ealth apps, like prescription drugs, come with side effects, it turns out. A new study has found that an astoundingly large number of health apps may be sharing users’ medical information. Many can also switch on smartphone cameras and make changes to the software on your phone.
What was found:
More than 80 percent of the 211 diabetes apps studied did not have privacy policies. And out of a randomly selected subset of 65 apps, 56 of them (86 percent) used tracking cookies, which could allow them to send information about the user to other companies, such as marketing firms, according to the analysis, published Tuesday in the Journal of the American Medical Association.
Why it matters:
Co-author Sarah Blenner, now at the University of California, Los Angeles, warned that the sharing or selling of personal information could lead to discrimination. Users with certain medical profiles, for instance, could have a tougher time getting life insurance.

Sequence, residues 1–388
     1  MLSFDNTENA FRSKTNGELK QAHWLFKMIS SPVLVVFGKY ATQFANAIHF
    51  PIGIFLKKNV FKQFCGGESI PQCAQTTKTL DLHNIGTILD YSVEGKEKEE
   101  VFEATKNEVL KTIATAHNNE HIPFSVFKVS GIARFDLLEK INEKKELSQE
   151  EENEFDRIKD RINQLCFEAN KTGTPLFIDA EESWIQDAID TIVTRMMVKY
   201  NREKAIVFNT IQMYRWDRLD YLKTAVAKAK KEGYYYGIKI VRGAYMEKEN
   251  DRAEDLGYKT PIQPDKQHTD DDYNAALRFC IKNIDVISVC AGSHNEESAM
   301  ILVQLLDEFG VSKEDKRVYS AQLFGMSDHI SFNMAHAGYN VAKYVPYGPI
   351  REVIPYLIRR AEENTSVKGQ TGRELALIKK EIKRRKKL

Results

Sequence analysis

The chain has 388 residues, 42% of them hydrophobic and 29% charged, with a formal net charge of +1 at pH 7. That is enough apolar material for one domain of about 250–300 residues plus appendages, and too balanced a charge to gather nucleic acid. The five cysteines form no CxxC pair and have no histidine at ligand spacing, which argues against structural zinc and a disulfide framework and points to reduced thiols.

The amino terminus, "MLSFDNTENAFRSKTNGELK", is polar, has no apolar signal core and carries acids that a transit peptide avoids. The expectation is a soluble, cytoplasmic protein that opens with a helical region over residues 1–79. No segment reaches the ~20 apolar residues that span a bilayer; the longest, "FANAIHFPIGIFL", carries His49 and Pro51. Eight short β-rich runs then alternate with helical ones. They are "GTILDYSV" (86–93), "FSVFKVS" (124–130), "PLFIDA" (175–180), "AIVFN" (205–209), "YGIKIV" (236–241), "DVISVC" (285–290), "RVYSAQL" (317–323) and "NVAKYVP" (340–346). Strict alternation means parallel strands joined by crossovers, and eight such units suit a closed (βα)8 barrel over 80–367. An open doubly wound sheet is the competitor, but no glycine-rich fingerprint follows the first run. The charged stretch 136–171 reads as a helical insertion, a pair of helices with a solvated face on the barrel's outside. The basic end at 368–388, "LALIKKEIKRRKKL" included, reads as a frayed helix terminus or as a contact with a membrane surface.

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The apps are not bound by Health Insurance Portability and Accountability Act, or HIPAA — the federal privacy law that governs doctors and insurance plans. “They are free to trade, sell, and use the information in any way that they want,” said Mark Rothstein, an expert on health privacy at the University of Louisville.
Keep in mind:
There’s a lot more than blood glucose tracking on these apps. When Blenner and her colleagues analyzed the fine-print permissions that all users have to accept before downloading a diabetes app, they found that 17 percent asked to track the user’s location, 11 percent sought to switch on the smartphone camera, and 64 percent requested the ability to delete or modify information anywhere on the user’s phone.
Experts say this is hardly limited to diabetes apps.
The bottom line:
Most health apps are completely unregulated. If you don’t want your information shared or the memory on your phone tampered with, be very careful about which apps you choose to download.